FIG. 2 shows a picture from optical profilometry (OP) measurement of a substrate surface after pretreatment step of blasting.
FIG. 3 is a diagram comparing the coating adhesion for pins pretreated in three different ways.
FIG. 4 is a diagram comparing the coating adhesion of the CA coating prepared from a slurry comprising a water-reducing-agent with a coating prepared from a slurry not comprising a water-reducing-agent.
FIG. 5 is a diagram comparing the adhesion between coating and titanium metal pretreated by wet alumina blasting and wet alumina blasting followed by CA blasting.
 The present invention is mainly concerned with coatings for medical devices, e.g. implants, laboratory equipment, tools for surgery and the like. Commonly wanted bulk properties include high strength, elasticity, machinability, low leakage rates of alloy elements, etc. The requirements on the surface region include biological properties, such as toxicity, inflammation, rejection or other unwanted tissue reactions. Furthermore, the surface may exhibit different degrees of bioactivity, such as activation of cell growth, or controlled degradation, as well as being a carrier for active substances, e.g. pharmaceutical agents, growth factors, etc.
 Throughout this application the term biocompatibility is used a number of times implying certain properties on the material or surface in question. However, is should be noted that biocompatibility is used as a generic term for the different properties that are required or desirable for materials that are to be in contact with biological tissue. Moreover, the material has to be used/prepared in the right way and to be used in suitable applications.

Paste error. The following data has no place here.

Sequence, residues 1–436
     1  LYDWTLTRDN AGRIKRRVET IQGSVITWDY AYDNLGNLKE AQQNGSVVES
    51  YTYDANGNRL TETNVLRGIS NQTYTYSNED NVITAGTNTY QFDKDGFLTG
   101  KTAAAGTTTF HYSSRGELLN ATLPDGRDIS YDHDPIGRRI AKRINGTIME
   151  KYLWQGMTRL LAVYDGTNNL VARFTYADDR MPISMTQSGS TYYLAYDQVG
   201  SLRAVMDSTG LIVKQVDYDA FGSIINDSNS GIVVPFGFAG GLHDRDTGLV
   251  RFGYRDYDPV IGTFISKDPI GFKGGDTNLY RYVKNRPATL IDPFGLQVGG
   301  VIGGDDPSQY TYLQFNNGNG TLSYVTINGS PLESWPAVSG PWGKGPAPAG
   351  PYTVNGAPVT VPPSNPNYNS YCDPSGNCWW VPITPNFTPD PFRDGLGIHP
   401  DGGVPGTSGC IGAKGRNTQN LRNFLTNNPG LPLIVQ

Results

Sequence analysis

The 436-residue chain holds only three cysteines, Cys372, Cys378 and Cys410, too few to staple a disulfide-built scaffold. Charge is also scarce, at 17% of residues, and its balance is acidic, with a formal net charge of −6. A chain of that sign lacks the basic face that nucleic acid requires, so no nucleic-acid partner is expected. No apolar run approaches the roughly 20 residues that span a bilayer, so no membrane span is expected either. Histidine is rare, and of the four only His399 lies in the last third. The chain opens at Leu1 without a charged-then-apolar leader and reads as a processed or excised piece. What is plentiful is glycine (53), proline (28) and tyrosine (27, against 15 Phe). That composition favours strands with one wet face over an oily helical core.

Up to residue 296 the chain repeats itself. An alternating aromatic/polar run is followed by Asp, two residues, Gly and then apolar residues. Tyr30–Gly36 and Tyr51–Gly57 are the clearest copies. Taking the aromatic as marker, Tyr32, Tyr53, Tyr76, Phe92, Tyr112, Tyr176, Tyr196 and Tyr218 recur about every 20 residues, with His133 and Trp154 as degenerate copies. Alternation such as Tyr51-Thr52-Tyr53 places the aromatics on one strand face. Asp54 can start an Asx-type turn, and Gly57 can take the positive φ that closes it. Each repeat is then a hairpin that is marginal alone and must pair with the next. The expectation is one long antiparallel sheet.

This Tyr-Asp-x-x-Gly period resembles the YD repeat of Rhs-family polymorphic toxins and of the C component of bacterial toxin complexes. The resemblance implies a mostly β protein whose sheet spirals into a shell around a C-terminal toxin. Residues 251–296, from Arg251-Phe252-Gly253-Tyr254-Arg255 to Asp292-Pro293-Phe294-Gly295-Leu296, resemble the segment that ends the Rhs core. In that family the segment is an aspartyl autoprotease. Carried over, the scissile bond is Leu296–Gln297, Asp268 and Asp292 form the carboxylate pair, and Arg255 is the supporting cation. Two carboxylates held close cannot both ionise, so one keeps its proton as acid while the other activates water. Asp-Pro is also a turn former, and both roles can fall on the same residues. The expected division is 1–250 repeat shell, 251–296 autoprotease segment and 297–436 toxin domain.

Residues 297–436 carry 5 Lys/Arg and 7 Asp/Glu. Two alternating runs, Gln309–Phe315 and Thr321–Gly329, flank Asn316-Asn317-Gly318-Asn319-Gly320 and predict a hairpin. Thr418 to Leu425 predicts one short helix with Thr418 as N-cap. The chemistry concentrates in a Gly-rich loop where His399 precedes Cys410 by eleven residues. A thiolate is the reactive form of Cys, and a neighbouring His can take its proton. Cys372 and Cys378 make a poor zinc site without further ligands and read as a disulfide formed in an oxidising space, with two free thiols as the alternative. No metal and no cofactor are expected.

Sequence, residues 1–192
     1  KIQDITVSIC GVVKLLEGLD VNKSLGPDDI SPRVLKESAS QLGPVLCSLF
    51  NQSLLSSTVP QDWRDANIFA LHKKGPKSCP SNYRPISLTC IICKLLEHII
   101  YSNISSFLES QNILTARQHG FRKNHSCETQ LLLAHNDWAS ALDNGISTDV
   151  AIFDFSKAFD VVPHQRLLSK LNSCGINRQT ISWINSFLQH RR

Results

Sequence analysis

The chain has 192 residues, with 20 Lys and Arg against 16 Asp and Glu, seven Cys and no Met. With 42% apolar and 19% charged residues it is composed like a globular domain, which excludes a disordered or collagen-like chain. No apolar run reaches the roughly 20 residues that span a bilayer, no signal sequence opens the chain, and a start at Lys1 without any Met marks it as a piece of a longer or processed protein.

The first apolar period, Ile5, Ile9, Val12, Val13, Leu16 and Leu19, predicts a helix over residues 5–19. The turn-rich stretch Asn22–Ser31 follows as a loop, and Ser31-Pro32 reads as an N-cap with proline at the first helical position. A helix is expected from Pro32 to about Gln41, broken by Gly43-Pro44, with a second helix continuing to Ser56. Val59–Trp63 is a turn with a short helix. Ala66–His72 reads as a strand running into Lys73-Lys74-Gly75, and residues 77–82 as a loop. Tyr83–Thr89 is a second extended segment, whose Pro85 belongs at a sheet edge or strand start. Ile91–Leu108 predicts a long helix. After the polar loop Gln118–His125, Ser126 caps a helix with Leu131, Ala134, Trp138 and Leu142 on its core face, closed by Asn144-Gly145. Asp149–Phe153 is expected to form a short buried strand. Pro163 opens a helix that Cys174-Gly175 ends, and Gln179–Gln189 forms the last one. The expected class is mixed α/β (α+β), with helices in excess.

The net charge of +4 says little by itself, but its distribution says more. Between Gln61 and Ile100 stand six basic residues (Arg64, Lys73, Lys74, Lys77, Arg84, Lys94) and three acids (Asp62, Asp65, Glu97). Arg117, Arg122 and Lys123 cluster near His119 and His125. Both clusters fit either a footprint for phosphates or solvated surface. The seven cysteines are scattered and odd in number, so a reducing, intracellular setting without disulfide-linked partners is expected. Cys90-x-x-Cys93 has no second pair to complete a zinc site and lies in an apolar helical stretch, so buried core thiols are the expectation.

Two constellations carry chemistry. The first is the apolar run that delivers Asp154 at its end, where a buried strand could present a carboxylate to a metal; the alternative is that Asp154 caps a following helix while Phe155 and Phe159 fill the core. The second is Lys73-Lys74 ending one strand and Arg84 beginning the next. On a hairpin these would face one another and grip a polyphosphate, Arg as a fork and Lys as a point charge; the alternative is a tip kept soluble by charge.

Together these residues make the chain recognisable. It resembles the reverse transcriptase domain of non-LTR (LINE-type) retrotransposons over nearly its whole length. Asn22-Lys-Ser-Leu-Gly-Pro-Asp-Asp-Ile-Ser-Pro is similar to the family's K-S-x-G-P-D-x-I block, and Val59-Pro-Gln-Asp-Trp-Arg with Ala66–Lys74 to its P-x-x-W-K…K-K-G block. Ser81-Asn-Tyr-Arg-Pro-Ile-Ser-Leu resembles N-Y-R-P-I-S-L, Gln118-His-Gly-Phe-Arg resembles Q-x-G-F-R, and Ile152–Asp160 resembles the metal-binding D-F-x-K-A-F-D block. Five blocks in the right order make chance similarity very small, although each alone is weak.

Another frequently used term is osseo-compatible, which implies that a material has especially advantageous for use in contact with bone tissue. As presented above, some osseo-compatible materials even seems to be capable of forming a direct bond with natural bone. Examples of materials considered to be osseo-compatible are hydroxyapatite, and coral-like materials of calcium carbonates.
 The present invention includes a method for deposition, a coating material and products with a surface coating deposited according to the method.
 The material to be coated, hereafter referred to as the substrate, may be a ceramic, metallic or polymeric material. In a preferred embodiment of the invention the substrate is a metal accepted in the field of medical implants, such as titanium, alloys of titanium, stainless steel or CoCr-alloys.
 The present invention is preferably used to deposit ceramic coatings on structures or implants intended for contact with biological tissues, and especially suitable in contact with bone tissue. Examples of such structures or implants are, surface coated orthopedic implants e.g. hip- and knee joints, attachment elements (screws, nails, plates) for internal and external bone fixation and restoration of fractures.
 The coating material of the invention is calcium aluminate either alone, or used as a binding phase with selected biocompatible and water reducing agent additives.